I’ve been working on drafts (13 to be exact) of this for months because I’m not really sure where to begin – so I’m just going to start.
I’m a proud father and a husband to strong, independent, amazing women – women from whom I’ve learned amazing lessons about how to be a better man. My wife and daughter aren’t the only women in my life from whom I’ve gained insight into my place in this world as a man, and I’m thankful for the insight I’ve gained. I think back to who I was as a younger man and I’m thankful for the man I am now – and for all the people (predominantly women) who’ve helped me get to this place.
I’ve learned a lot along the way – and I’ve had my eyes opened to how utterly pervasive toxic masculinity has become in our society, from the toxic fans of some of our favorite superhero and science fiction movies to social media and television shows. We’re all inundated with examples of toxic masculinity, and when it’s pointed out there’s often ridiculous backlash from (mostly) men who feel threatened by the notion that they’re not the center of the universe and their manhood should not confer upon them the ability to act any way they choose without consequences. A perfect example of how men who feel threatened by the #metoo movement and what it represents can react when challenged can be found in the comment section of this short film from Gillette on YouTube.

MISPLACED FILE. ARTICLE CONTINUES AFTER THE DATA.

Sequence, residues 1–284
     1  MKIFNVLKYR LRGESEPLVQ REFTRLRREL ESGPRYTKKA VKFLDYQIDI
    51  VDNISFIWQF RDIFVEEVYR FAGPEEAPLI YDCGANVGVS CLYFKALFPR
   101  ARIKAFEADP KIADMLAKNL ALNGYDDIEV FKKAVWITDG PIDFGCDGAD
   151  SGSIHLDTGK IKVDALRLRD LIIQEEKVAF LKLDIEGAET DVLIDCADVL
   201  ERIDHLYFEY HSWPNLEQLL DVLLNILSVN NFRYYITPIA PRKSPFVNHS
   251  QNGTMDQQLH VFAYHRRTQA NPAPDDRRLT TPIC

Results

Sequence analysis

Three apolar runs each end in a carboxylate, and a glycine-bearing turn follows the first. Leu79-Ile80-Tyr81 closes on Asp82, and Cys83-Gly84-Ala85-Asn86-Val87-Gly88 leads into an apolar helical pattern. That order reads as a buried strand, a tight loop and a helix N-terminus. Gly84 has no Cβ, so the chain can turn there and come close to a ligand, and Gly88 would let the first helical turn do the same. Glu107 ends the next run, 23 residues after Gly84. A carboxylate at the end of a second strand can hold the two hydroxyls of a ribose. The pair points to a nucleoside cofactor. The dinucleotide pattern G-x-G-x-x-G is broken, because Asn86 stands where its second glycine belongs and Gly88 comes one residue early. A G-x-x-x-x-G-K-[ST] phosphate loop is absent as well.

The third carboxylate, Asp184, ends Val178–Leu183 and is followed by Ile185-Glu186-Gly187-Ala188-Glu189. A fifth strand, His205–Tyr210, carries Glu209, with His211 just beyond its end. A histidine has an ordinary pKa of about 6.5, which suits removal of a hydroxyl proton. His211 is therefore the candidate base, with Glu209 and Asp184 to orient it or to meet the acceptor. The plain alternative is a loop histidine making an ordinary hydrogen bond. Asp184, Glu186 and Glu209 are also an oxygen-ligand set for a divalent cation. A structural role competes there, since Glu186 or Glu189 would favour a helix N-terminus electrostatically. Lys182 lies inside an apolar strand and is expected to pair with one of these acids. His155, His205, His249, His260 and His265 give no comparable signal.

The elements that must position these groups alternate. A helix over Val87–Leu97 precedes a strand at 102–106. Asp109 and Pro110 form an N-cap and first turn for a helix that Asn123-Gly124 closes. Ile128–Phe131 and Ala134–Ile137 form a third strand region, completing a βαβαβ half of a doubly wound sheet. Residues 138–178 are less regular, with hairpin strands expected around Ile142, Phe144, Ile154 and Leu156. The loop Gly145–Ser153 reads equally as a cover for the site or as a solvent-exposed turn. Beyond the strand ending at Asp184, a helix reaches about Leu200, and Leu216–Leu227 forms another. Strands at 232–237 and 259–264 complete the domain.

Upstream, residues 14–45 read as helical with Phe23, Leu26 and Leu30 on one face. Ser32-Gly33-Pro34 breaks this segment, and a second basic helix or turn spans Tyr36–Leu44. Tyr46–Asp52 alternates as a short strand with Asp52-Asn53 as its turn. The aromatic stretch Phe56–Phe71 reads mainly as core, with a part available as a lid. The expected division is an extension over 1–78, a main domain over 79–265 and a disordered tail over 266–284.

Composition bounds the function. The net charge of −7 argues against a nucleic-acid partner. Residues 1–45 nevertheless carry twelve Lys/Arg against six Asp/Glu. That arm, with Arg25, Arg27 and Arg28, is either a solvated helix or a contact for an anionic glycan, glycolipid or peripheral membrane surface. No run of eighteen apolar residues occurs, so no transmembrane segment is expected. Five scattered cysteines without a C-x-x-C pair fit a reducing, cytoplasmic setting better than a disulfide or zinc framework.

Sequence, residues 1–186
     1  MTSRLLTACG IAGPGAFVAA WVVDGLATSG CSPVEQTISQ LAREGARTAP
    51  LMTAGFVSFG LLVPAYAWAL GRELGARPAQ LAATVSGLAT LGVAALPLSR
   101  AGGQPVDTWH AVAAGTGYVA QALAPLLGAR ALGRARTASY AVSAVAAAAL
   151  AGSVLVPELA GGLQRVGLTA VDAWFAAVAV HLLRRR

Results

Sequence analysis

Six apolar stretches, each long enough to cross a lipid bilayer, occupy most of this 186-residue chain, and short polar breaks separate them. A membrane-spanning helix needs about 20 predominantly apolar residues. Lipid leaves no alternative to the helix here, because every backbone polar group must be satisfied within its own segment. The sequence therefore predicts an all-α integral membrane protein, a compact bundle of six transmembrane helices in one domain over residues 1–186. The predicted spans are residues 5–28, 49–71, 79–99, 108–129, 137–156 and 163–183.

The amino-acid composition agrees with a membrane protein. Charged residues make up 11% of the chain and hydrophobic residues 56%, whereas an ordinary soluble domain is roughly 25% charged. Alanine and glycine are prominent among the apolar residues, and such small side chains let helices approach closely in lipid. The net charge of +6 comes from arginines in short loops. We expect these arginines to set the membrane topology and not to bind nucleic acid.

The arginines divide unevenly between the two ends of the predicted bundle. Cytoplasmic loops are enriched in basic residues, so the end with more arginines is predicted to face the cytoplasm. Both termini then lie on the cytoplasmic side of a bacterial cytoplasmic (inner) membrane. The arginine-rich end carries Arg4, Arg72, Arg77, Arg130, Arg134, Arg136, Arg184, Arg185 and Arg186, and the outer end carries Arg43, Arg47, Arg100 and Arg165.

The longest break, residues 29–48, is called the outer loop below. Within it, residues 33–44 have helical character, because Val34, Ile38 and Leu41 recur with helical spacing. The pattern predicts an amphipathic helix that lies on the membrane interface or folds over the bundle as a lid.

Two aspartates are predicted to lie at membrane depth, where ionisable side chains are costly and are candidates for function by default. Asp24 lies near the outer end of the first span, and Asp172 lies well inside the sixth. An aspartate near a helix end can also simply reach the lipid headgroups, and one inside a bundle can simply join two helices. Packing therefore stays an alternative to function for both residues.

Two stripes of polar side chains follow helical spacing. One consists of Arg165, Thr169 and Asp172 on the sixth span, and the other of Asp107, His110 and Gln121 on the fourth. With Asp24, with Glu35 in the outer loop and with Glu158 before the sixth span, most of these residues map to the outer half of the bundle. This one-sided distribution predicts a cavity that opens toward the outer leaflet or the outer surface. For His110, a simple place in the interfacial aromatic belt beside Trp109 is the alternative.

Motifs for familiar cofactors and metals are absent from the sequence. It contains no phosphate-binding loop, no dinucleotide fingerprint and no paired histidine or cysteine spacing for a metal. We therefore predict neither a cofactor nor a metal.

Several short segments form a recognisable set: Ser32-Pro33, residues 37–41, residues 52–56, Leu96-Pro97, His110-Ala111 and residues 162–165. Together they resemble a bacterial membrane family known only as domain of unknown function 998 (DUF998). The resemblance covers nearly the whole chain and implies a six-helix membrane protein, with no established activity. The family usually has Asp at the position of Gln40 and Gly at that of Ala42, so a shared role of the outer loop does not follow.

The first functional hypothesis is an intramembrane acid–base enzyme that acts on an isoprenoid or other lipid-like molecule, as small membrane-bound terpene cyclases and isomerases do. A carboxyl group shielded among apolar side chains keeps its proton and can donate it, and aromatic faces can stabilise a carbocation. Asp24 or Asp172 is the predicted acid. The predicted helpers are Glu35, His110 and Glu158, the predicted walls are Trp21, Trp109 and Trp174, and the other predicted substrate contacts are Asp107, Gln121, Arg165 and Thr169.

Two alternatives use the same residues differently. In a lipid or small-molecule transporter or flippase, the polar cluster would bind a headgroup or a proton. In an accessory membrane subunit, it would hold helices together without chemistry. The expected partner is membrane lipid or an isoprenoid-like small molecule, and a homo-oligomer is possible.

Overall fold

Actor Terry Crews – himself a survivor of sexual abuse and toxic masculinity – gave testimony to Congress which is important in summing up what men need to do to hold each other accountability and to work towards putting an end to the vicious cycle of learned behaviors that creates such distorted, toxic, and incredibly pervasive ideas about what a man should be.
As a man who was raised to stay inside the “man box” of toxic masculinity I’m working to become the best version of what I think a man should be – someone who sees women as equals and partners and who sees women as being every bit as strong, capable, intelligent, and everything else that men can be. More importantly, I’m working to become the kind of man who isn’t afraid to hold other men – not to mention myself – accountable for toxic behavior towards women. Sometimes holding ourselves accountable is the most difficult part of all, because it’s the least comfortable, because it’s never easy to admit when you’re wrong or that you’re flawed. Accountability and growth are hard, but when it comes to toxic masculinity they’re absolutely critical if anything’s going to change.
And boy do things need to change…